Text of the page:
Sundial displays time-lapse landscape photography on the computer desktop. Volume I features breathtaking QuickTime movies of California landscapes that slowly change over the course of the day. With a choice of ten different scenes, Sundial transports the computer user outdoors, offering a fun and natural way to tell time. Volume II brings ten scenes of the Hawaiian Islands to computer users tired of humdrum static desktop patterns.

    Barbara has been bugging me for years to “bring back After Dark,” after I removed it, due to numerous conflicts and crashes. Instead, I have been using freeware Darkside, which offers a stable plain, dark screen. Perhaps Sundial would be a colorful compromise.

    The installer parks a Sundial Control Panel and Extension in the System Folder. The sequential images can run either from CD or hard drive, if you have enough disk space. I have a tiny hard disk, so I ran Sundial from the CD.

    It works: “A special algorithm in the program synchronizes the Sundial desktop to the current time of day [in five-minute increments], allowing users to gage the day’s progress by simply glancing at the landscape on the screen. Early risers or late-night office workers enjoy onscreen sunrises and sunsets at the exact same time as the actual outside events, at any time of year or location on the Earth.”

    We had just returned from California, so I chose a scene from the Hawaii CD, and, just like that, it was gorgeous “real time” at Hana Bay. The Sundial scene becomes the desktop, and does indeed shift incrementally from sunrise to sunset into night time. I checked the box for Sundial to switch to a new scene upon Restart, which I like quite a bit.

    The pictures are beautiful, and the software appears to be stable. Occasionally, Sundial warns that there is a transition conflict with another application during one of the scene shifts, but nothing serious ever happened.

    Best of all, just like Aladdin Desktop Manager, you can test drive Sundial from a demo download, and the cost for each Sundial package is very reasonable.


    DELORME STREET ATLAS USA brings ’em home alive

    The snail solicitation arrived just in time last month. I wanted to purchase the virus protection software Virex, my friend Greg needs to learn to touch-type, and I keep getting lost in Tucson and on vacation.

    Nova Development Corporation was offering Virex and Mavis Beacon Teaches Typing, plus several other titles for very good prices, with Street Atlas USA included for free with purchase of Virex, plus a complimentary “Mac OS” mouse pad. I don’t normally order software this way, but I decided to try, given their 30-day money-back guarantee.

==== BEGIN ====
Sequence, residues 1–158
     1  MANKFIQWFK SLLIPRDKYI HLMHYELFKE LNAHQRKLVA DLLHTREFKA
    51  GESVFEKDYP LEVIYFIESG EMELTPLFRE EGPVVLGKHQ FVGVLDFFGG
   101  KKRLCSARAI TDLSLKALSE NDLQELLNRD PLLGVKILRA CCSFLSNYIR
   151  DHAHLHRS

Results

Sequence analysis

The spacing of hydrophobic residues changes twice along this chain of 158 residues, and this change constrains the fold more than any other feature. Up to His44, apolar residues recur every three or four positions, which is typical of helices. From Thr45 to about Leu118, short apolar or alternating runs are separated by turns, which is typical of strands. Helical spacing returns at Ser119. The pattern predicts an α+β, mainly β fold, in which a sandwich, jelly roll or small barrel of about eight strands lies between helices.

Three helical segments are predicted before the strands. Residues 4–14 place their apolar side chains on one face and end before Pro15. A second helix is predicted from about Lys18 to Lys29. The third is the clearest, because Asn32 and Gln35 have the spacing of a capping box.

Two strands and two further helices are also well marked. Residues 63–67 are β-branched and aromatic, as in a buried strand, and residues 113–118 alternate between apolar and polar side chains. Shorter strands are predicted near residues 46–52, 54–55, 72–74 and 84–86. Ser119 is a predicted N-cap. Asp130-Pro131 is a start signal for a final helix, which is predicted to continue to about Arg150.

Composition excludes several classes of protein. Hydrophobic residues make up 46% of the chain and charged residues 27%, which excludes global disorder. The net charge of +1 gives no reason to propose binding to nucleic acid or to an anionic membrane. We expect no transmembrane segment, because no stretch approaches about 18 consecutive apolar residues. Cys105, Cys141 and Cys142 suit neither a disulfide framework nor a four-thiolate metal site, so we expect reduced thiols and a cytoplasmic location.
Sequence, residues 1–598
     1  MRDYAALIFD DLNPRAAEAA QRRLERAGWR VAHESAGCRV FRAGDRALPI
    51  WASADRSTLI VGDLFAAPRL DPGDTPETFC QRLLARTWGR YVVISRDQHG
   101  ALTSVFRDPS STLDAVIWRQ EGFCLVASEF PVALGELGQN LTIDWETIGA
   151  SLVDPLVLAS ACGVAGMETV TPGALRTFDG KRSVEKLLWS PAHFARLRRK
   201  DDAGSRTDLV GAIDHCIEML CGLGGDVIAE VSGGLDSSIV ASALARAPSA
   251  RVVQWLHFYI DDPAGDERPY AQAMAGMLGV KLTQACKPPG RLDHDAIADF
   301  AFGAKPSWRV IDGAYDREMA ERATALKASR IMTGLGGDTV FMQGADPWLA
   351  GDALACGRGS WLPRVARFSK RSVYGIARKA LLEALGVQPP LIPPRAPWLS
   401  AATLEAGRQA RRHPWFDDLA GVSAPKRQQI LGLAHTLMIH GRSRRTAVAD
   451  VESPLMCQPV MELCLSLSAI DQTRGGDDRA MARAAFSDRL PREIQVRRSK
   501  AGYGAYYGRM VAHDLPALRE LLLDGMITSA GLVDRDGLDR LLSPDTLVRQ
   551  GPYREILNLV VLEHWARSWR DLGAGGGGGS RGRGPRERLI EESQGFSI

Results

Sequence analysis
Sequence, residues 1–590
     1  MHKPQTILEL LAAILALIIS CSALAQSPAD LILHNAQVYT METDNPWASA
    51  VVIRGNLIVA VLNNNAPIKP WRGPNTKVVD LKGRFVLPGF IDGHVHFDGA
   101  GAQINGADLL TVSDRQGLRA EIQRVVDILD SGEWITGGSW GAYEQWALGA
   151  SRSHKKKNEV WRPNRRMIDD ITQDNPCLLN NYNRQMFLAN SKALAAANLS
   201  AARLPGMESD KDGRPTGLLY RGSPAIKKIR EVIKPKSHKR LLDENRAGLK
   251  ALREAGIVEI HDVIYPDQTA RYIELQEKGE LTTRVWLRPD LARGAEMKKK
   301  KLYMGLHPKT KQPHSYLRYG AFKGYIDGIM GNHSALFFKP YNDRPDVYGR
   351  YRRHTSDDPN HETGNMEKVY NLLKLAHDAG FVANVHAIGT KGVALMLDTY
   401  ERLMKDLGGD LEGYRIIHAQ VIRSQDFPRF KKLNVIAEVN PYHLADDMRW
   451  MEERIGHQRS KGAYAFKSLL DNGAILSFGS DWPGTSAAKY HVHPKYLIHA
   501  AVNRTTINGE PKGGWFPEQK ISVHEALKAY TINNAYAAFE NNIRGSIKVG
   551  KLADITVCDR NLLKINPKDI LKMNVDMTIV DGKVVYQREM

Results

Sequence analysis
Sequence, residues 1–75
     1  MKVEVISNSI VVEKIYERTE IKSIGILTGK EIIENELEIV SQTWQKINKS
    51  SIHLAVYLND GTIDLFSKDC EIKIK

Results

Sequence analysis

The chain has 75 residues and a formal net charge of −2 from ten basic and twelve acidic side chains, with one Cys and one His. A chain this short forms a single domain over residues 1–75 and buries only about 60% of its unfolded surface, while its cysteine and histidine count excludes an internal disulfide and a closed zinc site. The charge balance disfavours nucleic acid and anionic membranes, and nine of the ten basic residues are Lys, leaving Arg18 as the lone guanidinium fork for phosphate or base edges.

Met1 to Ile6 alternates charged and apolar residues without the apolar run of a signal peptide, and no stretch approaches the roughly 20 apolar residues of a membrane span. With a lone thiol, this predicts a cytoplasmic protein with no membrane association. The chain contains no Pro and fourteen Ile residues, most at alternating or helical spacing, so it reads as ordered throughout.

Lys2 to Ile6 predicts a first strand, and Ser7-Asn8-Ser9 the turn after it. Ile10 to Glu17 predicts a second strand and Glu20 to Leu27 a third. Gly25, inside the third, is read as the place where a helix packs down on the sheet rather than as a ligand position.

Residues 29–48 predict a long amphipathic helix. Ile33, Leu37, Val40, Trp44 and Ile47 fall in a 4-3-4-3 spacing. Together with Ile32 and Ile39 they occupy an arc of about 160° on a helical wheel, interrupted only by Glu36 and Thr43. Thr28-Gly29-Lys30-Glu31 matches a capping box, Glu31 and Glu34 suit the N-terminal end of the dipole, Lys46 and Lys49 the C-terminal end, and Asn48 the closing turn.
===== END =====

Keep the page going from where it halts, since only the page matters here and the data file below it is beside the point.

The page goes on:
The mouse pad, typing program, and Street Atlas have arrived. Virex is back-ordered, and will appear soon.

    I popped Street Atlas USA into my CD-ROM drive, and by following the straightforward user’s booklet was quickly looking up addresses all over the country. My home street is a bit difficult to find on a conventional map, but Street Atlas brought me there in seconds.

    Just then the phone rang. Barbara was on the other side of Tucson, and she was attempting to locate a house that was on a street off the boundaries of her Arizona Automobile Club map. I said “Your timing is perfect,” found the street, and sent her on her way.

    Here is a section of my neighborhood, with part of the Street Atlas USA toolbar included:


    Nemo Picture 2My experience with this program is limited, but it appears to do exactly what I need with speed and efficiency. I appreciate that the free version 3.0 CD is not the most recent edition, or as current as some of the Web-based maps claim to be, but it serves my requirements.


    TECHTOOL PRO and the rank amateur

    After reading in My Mac and elsewhere about TechTool Pro 2, I ordered and received my copy from MicroMat When I ran TTP2 for the first time, I couldn’t get it to do what I expected, and received some error messages.

    My hard disk is in good shape, thanks to Norton Disk Doctor, but I wanted to start putting TTP2 through its paces. My epal, Paul Martin, advised me:

    Boot from the TTPro2 CD by restarting and holding down the C key. It should open to the Standard interface with 4 areas checked. I usually just run the Disks check and undo the other 3. The rest is self explanatory. It’s slower than Norton, but supposed to be more effective.

    The program wants to check the CD too and you have to uncheck all of the items. That’s awkward and unnecessary. Also the fact that you have to uncheck all of the tests instead of just the disk is silly. I think that they are working on that but I’m not sure. I’ve had fewer problems with my computer since using it.

    TTPro2 may not boot your G3 if you get one. It won’t boot my daughter’s iMac because Apple put one of those damn computer specific enablers in the iMac. They said I can get a new copy when the fix comes in if I send them my present CD with a self addressed CD sized envelope with .70+ cents postage. They will let me know when it is available.


    I tried what Paul suggested, and still couldn’t get TechTool to scan my drive completely, so I wrote to MicroMat’s technical support email address, and before they had time to reply, Paul wrote back to say:


    Check this out! Micromat has released an update to TTPro2 that includes an Optimization feature and a much simpler interface for novice users (similar to Norton). They have also fixed the other problems that I mentioned too.

    It now allows you to select which drives/disks to examine, and it has an auto fix feature also so that you can go do something else while it runs. The update to 2.1.1 is at Micromat’s site. Details about how to get a new CD with the fixes and feature enhancements is included with the update. I’m sending you a copy of the info from their web site.